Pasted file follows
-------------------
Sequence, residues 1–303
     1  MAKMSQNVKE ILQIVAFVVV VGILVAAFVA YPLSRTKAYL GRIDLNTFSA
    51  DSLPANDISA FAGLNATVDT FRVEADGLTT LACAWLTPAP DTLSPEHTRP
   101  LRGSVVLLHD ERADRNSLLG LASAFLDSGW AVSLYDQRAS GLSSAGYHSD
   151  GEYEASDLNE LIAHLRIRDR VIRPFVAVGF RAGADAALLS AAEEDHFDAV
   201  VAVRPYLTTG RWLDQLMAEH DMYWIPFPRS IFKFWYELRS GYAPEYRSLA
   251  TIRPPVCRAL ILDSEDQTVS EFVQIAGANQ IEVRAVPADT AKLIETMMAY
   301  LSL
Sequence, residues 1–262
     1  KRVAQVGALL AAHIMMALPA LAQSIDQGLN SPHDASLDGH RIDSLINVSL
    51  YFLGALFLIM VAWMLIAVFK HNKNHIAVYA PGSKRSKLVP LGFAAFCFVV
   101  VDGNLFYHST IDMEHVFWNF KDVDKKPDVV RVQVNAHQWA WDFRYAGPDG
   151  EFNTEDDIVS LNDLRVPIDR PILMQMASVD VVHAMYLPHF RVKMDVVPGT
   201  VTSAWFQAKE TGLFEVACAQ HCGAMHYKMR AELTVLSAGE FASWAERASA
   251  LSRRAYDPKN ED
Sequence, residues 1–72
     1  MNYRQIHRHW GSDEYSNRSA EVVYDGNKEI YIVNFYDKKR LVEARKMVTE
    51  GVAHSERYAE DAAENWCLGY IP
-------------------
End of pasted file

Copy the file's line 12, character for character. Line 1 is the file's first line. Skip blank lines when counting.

   101  VDGNLFYHST IDMEHVFWNF KDVDKKPDVV RVQVNAHQWA WDFRYAGPDG